Every utility looks for ways to increase revenues and selling products beyond traditional power generation is one option. Some of you are selling the Wild Blue high-speed Internet service and if you aren’t, you probably are considering it. Wild Blue can be a great tool for growing revenues.
This poses a challenge, however. Wild Blue may be your first venture into selling a nontraditional product. What if you have competition in your area for high-speed Internet connections? How do you compete?
The answer is promotion, knowledge and training. Following are ideas on how to make that happen.
On-hold messaging. I regularly call utilities and am put on hold. Often, I sit in silence. Fill that void with a recorded message promoting your high-speed Internet service. Describe the benefits to the customer.
Voice mail. Customers leave messages for your company and your employees every day. Add a brief, upbeat promotion at the end of the voice message letting customers know about your new service.
Celebrate! Hang a large product-promotion banner on the outside of the building. Decorate the lobby with balloons and brightly colored signs. Be sure all customer service representatives wear colorful promotion buttons. Have a Wild Blue connection set up in the lobby so customers can give it a test drive.
Marketing on wheels. Your company vehicles travel around your community every day. Turn them into moving billboards that promote Wild Blue. Make it eye catching and easy to read at a distance
Target marketing. Identify areas in your community that do not have access to high-speed Internet. Determine where the local phone company does not have equipment to provide that service. People in those areas are hungry for a fast connection, so send direct mail marketing pieces that are targeted to them.
Web site. Your company Web site is the most inexpensive place to promote high-speed Internet. Put a promotion banner on your home page with a link to another page that answers the most commonly asked questions your customers would have about the service.
Is your marketing working? Do the newspaper and TV ads, radio spots and bill stuffers make the phone ring? Each time a customer calls about a product, the CSR should ask how the customer heard about it. Track customer responses to know which marketing approach is generating the best results. What are the demographics for each inquiring customer? Does one marketing tool draw more qualified customers than another?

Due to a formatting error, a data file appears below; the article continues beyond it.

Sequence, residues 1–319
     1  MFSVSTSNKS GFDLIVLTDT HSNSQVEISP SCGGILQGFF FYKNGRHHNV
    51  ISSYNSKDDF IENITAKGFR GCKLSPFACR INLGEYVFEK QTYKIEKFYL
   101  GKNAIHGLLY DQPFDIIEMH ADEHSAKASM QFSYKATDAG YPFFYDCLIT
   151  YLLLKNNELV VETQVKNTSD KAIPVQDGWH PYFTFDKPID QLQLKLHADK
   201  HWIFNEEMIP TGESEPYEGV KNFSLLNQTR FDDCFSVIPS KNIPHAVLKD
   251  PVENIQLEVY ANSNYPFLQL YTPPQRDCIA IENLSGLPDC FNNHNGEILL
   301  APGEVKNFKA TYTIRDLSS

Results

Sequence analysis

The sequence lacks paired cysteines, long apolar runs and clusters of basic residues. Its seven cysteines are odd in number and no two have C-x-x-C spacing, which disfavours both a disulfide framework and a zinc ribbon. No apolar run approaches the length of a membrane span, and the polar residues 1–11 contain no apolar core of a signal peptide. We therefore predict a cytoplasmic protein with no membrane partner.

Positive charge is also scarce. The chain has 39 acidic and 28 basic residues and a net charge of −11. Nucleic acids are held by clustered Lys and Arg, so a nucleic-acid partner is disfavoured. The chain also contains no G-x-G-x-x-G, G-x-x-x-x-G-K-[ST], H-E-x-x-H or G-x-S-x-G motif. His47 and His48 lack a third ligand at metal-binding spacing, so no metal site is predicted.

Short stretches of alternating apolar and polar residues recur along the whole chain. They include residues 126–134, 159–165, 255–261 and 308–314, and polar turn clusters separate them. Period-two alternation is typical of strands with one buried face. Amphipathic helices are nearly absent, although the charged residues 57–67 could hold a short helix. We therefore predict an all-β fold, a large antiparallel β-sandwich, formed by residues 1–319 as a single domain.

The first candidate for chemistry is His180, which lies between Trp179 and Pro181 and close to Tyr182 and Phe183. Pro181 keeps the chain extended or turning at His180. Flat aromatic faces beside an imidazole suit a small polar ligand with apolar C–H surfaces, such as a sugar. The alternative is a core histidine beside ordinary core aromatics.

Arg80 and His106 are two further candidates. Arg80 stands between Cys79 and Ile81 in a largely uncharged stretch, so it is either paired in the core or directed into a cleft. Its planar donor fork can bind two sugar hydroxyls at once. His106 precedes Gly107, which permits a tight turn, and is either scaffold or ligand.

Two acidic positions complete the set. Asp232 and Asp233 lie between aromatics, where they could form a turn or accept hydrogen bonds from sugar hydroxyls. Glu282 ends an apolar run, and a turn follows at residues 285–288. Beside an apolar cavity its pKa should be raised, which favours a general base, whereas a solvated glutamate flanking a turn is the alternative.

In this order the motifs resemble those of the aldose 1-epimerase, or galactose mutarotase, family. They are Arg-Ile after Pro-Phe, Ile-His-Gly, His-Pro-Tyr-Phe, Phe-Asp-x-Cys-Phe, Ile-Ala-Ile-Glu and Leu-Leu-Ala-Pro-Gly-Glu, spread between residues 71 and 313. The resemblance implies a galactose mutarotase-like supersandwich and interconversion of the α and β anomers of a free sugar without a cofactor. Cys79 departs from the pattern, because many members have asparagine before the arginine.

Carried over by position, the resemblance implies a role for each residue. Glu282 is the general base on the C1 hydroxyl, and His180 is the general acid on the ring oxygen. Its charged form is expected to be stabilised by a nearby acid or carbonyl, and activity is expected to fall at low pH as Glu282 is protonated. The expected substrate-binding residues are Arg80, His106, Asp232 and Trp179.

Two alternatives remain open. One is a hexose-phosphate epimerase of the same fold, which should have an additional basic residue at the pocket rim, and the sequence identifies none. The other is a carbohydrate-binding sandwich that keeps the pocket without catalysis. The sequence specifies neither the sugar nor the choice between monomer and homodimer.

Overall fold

Product knowledge. Your employees are selling a new technology that they may not understand. That doesn’t allow them to sell it with confidence. Install Wild Blue at your CSRs’ homes so they can learn about the product and experience its benefits first hand. Give to it to them at cost, for free or as a 90-day trial. When your employees understand how great this product is, they will become passionate sales people.
Field installation. Customers will have questions about installation. Employees who sell the service should go in the field with technicians so they can see what an installation involves.
Outside the plant. As you market Wild Blue, your people in the field are bound to encounter customers who are interested in the service. Your marketing department must make sure these employees are knowledgeable about the product and have written information to provide to customers.
The phone is ringing, now what? Your utility has invested in marketing Wild Blue to get the phone ringing, but are your CSRs ready? CSRs play a critical role in assisting customers with the buying decision. Training will give them the skills they need to effectively sell the service. Here are aspects of training to think about:
Do CSRs know how to build rapport with the customer? Have they qualified the customer to know the customer’s knowledge about the product and to determine the appropriate information to provide? Do they ask the right questions to understand the customer’s needs and then explain the benefits of high-speed Internet? Can they effectively deal with an objection by a customer who says “your competition is selling it for less”? Once the customer is sold on the benefits, do CSRs ask for the business?
Coaching. Selling is a learned skill that requires practice and coaching. Supervisors need to become coaches to make sure their staff has the skills to be confident in selling the product.
Recognition and incentives. For many utilities, selling Wild Blue may be their CSRs’ first experience with promoting a product. This can be a difficult situation. Create a recognition and incentive program to reward CSRs for their efforts.
Wild Blue can be an excellent way to generate revenue for your utility. But you must have a clear plan for how to capture the interest of your customers, sell the benefits and land the business.
David Saxby is president of Measure-X, a Phoenix, Ariz.-based measurement, training and recognition company that specializes in customer service and sales skill training for utility companies.